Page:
(Adynamic Ileus; Paralytic Ileus; Nonmechanical Bowel Obstruction; Ogilvie’s Syndrome; Colonic Pseudo-obstruction)
|Small Bowel Distention|
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- Abdominal, joint, or spine surgery
- Intestinal injury or trauma
- Severe generalized trauma
- Abdominal bleeding.
- Infections, such as:
- Heart attack or stroke
- Imbalance of electrolytes, especially potassium and calcium
- Disorders that affect muscle function
- Use of certain drugs, such as narcotic pain drugs, high blood pressure medication, or chemotherapy
- A previous history of ileus
- Abdominal swelling
- Inability to pass stool or gas
Nasogastric Suction (NG Tube)
Intravenous Fluids and Electrolytes
American Gastroenterological Association http://www.gastro.org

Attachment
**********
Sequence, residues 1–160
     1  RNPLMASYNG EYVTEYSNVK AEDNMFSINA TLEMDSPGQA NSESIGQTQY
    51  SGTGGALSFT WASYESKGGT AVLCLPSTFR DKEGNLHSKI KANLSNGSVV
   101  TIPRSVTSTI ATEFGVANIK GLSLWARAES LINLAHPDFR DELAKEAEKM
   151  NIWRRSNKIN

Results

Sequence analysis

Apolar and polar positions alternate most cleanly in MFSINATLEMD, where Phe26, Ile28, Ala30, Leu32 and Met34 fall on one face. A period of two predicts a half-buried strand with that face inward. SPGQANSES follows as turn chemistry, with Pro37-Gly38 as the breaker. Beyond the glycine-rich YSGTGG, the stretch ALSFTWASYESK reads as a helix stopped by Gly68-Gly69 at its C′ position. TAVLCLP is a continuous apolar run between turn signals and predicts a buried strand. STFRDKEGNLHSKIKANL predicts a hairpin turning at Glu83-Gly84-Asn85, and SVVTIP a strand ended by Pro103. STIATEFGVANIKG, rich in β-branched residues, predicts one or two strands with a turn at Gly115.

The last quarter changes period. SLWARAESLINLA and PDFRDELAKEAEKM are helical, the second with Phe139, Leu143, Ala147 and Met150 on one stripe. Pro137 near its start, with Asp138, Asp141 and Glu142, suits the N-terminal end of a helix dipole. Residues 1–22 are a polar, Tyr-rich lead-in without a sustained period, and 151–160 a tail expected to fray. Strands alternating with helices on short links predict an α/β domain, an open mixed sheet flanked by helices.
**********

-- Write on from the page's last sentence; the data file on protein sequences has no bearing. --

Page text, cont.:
International Foundation for Functional Gastrointestinal Disorders http://www.iffgd.org
Canadian Digestive Health Foundation http://www.cdhf.ca
The Canadian Association of Gastroenterology (CAG) http://www.cag-acg.org
Colonic ileus. EBSCO DynaMed website. Available at: http://www.ebscohost.com/dynamed. Updated March 5, 2013. Accessed July 25, 2013.
Intestinal obstruction and ileus. Patient UK website. Available at: http://www.patient.co.uk/doctor/Intestinal-Obstruction-and-Ileus.htm. Updated April 20, 2010. Accessed July 25, 2013.
- Reviewer: Michael Woods, MD
- Update Date: 06/16/2014 -
This content is reviewed regularly and is updated when new and relevant evidence is made available. This information is neither intended nor implied to be a substitute for professional medical advice. Always seek the advice of your physician or other qualified health provider prior to starting any new treatment or with questions regarding a medical condition.
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